Center at Albany, California.
Scoring Big in Lovelock, Nevada
Diorhabda elongata larva (typically 7 to 12 mm
long) feeding on saltcedar.
The beetles' greatest success since first being turned loose in saltcedar
stands in 2001 has been along the Humboldt River in Lovelock, Nevada, about
80 miles northeast of Reno. Here, an original colony of some 1,400 laboratory-reared
beetles has "expanded exponentially and has now defoliated about 5,000
acres of saltcedar," says Carruthers.
Today, the helpful insects number in the millions. What's more, they've extended
their range, spreading at least 100 miles along the Humboldt Riverdefoliating
and stunting saltcedar. Some of those trees are beginning to die.
"We've seen a similar impact in some other study sites in Colorado, Nevada,
Utah, and Wyoming, with hundreds of acres of trees hit hard by the beetles,"
notes Carruthers. He and DeLoach expect that figure to climb to thousands of
acres by summer's end.
Experts like Carruthers and DeLoach view biological control agents such as
the D. elongata leafbeetle as perhaps the best long-term solution to
getting tough with tamarisk.
Of course, the insects represent a considerable investment. Initially, they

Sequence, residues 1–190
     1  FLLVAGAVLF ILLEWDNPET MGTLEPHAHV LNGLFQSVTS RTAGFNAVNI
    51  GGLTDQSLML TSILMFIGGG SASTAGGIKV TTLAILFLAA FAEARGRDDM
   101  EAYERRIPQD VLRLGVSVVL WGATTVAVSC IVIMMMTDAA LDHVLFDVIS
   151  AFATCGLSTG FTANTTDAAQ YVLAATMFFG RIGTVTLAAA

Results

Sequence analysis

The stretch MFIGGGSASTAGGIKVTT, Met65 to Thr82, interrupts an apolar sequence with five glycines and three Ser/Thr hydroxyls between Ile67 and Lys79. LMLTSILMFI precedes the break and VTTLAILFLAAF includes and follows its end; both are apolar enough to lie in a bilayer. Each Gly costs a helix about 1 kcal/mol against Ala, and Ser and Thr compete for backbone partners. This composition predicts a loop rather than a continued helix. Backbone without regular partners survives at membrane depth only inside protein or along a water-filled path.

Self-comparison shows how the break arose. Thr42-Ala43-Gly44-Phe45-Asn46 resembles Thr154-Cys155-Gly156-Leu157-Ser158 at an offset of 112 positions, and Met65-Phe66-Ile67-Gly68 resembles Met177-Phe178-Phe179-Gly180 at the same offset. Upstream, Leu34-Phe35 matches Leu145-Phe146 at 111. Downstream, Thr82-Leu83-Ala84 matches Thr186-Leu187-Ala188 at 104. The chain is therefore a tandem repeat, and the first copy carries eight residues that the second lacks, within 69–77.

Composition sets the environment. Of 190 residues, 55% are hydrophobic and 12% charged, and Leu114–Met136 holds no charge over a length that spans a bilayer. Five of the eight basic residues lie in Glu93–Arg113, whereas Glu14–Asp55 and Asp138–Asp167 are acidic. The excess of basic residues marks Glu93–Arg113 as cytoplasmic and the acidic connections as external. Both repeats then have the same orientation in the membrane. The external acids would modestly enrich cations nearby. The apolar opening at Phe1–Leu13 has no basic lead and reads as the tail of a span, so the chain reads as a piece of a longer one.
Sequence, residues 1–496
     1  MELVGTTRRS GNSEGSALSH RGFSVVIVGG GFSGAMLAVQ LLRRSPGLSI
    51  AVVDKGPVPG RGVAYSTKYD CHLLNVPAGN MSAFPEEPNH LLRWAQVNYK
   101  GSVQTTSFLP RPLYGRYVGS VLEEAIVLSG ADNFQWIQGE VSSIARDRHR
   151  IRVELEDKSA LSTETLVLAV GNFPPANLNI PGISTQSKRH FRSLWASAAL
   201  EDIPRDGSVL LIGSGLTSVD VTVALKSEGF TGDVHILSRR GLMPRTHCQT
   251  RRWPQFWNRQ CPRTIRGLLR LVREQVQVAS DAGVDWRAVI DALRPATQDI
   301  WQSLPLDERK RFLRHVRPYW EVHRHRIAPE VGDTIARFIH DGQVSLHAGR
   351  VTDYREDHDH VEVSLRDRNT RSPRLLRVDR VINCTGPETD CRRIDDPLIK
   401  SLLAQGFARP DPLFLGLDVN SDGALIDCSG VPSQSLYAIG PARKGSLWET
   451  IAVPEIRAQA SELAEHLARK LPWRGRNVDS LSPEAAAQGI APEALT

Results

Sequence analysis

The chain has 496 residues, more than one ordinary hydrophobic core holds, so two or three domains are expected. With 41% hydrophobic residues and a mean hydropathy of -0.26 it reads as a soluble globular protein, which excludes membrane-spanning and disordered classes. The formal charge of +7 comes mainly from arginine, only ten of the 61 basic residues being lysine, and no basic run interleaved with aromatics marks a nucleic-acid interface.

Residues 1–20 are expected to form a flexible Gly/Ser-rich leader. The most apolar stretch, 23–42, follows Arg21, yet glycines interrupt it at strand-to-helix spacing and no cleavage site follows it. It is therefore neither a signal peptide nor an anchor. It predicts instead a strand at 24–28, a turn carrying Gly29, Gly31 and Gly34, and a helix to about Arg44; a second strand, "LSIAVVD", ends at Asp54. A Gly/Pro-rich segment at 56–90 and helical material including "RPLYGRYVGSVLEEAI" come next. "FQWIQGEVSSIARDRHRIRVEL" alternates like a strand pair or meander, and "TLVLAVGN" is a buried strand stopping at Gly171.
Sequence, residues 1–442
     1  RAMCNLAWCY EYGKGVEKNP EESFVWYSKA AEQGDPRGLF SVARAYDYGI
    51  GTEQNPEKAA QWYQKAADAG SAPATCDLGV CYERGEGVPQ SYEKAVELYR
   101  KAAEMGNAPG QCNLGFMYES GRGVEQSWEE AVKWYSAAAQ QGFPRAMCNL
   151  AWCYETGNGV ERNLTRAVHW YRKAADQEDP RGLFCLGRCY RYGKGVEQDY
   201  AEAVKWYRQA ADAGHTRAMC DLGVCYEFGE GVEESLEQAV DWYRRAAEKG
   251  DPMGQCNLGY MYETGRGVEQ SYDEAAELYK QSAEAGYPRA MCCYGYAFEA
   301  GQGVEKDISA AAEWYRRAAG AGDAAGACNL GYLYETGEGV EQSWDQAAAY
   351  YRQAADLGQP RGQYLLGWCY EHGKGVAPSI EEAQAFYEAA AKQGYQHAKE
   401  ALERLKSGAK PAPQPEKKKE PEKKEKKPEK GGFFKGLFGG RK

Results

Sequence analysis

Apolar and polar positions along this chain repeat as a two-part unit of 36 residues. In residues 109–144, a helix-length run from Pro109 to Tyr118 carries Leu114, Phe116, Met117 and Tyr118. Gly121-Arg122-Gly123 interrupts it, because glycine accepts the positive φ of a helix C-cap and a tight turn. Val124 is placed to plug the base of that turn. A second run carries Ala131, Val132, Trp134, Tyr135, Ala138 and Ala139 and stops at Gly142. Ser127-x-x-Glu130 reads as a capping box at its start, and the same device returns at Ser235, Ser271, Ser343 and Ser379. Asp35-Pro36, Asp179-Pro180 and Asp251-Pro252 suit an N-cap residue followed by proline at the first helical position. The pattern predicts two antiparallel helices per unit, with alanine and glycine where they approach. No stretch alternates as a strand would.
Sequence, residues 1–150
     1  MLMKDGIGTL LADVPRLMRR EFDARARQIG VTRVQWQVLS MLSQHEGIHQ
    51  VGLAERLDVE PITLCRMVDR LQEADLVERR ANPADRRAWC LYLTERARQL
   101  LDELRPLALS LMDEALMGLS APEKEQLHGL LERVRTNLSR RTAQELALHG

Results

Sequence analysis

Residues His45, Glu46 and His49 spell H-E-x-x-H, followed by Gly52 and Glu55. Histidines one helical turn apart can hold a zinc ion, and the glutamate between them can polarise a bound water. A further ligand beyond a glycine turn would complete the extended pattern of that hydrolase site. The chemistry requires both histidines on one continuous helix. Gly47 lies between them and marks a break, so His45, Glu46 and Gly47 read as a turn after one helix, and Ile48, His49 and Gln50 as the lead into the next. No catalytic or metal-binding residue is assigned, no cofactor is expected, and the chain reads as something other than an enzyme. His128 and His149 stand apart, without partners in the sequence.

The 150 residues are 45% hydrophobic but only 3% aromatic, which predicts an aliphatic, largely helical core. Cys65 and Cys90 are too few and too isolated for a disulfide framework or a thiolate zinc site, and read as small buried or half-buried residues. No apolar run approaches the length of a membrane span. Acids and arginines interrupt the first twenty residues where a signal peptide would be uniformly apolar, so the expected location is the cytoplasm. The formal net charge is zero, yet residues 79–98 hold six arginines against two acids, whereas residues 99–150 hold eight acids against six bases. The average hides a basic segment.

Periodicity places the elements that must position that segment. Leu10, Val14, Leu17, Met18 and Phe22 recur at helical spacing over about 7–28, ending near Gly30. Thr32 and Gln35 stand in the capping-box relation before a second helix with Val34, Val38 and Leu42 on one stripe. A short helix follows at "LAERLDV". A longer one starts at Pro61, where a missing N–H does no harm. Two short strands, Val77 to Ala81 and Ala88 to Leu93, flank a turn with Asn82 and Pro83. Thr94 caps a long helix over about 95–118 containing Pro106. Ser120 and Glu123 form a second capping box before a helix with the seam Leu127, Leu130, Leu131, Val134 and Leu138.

have to be collected abroad. Then they have to be extensively studied to make
sure they don't inadvertently damage other plants. Finally, they have to be
put to work outdoors and carefully monitored. Ideally, the beetles will provide
an impressive return on these investments.
Technician Julie Keller and entomologist John Herr assess
results of a host-specificity experiment measuring feeding damage by the
biological control agent Diorhabda elongata on saltcedar (Tamarix
spp.) and on nontarget native plants in the genus Frankenia.
A Little History
The beetle saga began in the 1970s when ARS entomologist Lloyd A. Andres at
Albany, now retired, became concerned about saltcedar's unchecked incursion
into agricultural lands in western states. He enlisted the help of colleagues
in Asia to search for insects to control the plant.
Entomologist Robert Pembertonthen at an ARS laboratory in South Korea
and now with ARS in Fort Lauderdale, Floridacollected D. elongata
in China, making him the first to identify this insect's promise as a biological
control agent for the United States.
Then followed nearly two decades of pioneering investigations of the beetle